Extreme weather events are often pointed to as harbingers of what is to come,thanks to manmade climate change. Unfortunately, Hurricane Florence, like Hurricane Harvey last year, is an example of what climate change is doing to storms right now. The planet has warmed significantly over the past several decades, causing changes in the environment in which extreme weather events are occurring. Some are small and inconsequential, and some -- such as increased wind shear that tears apart hurricanes, could actually be beneficial. But there can be destructive consequences.

Human-caused greenhouse gases in the atmosphere create an energy imbalance, with more than 90% of remaining heat trapped by the gases going into the oceans, according to the National Oceanographic and Atmospheric Association. Ocean heat content, a measure of the amount of heat stored in the upper levels of the ocean, is a key indicator of global warming.

The National Oceanic and Atmospheric Administration's tide gauge at Wrightsville Beach, North Carolina, surged more than 4 feet above the normal high as the storm was making landfall, breaking a record set by Hurricane Joaquin in 2015 by more than a foot.


5.Build walls on seafloor to stop glaciers melting, scientists say

Building walls on the seafloor may become the next frontier of climate science, as engineers seek novel ways to hold back the sea level rises predicted to result from global warming.

By erecting barriers of rock and sand, researchers believe they could halt the slide of undersea glaciers as they disintegrate into the deep. It would be a drastic endeavour but could buy some time if climate change takes hold, according to a new paper published on Thursday in the Cryosphere journal, from the European Geosciences Union.


Though the notion may sound far-fetched, the design would be relatively straightforward. “We are imagining very simple structures, simply piles of gravel or sand on the ocean floor,” said Michael Wolovick, a researcher at the department of geosciences at Princeton University in the US who described the plans as “within the order of magnitude of plausible human achievements”.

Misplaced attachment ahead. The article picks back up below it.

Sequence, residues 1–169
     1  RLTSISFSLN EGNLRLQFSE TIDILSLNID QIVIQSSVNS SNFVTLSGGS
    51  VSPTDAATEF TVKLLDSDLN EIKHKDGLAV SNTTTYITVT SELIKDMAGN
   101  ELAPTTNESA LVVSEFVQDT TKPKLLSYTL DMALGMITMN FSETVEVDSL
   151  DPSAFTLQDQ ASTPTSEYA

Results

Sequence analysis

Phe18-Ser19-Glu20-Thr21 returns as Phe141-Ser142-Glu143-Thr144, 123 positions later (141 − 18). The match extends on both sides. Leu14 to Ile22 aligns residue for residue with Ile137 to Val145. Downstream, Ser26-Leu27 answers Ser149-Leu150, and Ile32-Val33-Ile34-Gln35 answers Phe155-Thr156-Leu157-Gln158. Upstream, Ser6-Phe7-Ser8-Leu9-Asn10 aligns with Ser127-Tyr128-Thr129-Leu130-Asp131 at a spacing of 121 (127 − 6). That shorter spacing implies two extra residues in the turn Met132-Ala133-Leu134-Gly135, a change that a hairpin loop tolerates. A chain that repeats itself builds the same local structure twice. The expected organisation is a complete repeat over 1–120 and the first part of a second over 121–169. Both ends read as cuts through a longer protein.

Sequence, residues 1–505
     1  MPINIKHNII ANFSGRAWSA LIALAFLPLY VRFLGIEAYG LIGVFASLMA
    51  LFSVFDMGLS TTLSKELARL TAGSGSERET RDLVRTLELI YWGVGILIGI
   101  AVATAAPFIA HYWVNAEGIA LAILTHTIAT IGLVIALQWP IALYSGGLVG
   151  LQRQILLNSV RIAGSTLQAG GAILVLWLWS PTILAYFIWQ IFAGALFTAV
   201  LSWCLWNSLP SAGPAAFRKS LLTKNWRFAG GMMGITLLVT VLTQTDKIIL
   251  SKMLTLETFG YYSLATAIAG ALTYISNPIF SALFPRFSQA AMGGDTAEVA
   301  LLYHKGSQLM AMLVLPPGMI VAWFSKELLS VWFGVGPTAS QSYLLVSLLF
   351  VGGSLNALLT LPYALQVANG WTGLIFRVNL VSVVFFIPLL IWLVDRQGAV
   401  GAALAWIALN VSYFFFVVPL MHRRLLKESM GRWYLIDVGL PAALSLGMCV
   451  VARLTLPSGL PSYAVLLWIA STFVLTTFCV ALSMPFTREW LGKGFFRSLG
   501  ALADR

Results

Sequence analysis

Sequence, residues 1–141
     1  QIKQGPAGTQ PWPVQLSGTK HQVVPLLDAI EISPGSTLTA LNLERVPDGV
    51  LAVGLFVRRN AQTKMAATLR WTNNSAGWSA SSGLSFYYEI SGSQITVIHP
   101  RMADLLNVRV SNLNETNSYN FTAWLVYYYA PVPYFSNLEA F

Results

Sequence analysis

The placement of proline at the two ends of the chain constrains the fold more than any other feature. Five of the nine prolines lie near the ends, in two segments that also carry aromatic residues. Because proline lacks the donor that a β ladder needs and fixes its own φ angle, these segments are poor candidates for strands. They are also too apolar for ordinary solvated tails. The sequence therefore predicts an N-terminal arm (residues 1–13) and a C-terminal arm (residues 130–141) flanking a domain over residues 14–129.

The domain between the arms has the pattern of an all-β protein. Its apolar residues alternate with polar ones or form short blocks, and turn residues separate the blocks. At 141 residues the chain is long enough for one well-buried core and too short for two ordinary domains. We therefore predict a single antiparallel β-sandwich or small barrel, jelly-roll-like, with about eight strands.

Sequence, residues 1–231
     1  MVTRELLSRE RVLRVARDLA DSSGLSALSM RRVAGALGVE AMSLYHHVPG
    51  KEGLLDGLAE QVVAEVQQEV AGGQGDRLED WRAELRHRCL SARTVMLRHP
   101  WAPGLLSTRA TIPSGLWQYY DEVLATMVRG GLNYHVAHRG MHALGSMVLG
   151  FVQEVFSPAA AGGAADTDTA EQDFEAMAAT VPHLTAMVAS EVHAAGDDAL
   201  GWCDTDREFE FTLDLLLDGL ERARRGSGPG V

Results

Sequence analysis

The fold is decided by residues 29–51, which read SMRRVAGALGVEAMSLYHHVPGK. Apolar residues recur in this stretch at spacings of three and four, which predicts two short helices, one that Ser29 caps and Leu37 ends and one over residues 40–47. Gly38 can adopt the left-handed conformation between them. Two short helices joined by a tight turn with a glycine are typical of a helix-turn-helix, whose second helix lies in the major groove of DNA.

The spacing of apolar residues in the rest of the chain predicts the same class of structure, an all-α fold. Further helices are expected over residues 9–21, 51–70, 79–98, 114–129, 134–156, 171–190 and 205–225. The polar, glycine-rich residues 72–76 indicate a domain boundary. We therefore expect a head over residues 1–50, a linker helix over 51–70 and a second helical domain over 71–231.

The structures would not just be aimed at holding back the melting glaciers, but at preventing warmer water from reaching the bases of the glaciers under the sea. New research is now being undertaken by scientists showing how the effects of the warmer water around the world, as the oceans warm, may be the leading cause of underwater melting of the glaciers.

Source:The Gardian.

6.Germany launches world's first hydrogen-powered train

Germany launches world's first hydrogen-powered train, signing that Germany tries to use more expensive but more environmental technology to replace diesel trains. On Monday, the hydrogen-powered train, which is designed by Alstom, starts to run in a 62-mile route, a stretch generally plied by diesel trains, in northern German.

Henri Poupart-Lafarge,  Alstom CEO, said: “ The eco-friendly train is in the commercial service status, designing for serial production.” Alstom believes that the hydrogen-powered train is an eco-friendly replacement for traditional diesel trains. Because steam and water are the only emissions of the hydrogen-powered train, based on a combination design of hydrogen and oxygen.

Stefan Schrank, the project’s manager at Alstom, said: “of course, buying a hydrogen train costlier than a diesel train, but the cost of running a hydrogen train is lower than that of a diesel train. ”

Source: The Guardian

7.Ohio Brewery Makes Green Beer That Looks Like Algae

Maumee Bay Brewing Co. made a ghastly-looking "Alegae Bloom" beer. The idea of creating a beer is camped up in last summer, because toxic algae that show up in a creek alongside the Maumee Bay Brewing Co. This company, which is located in Ohio, hope to build a link between the public and the environmental debate through its products.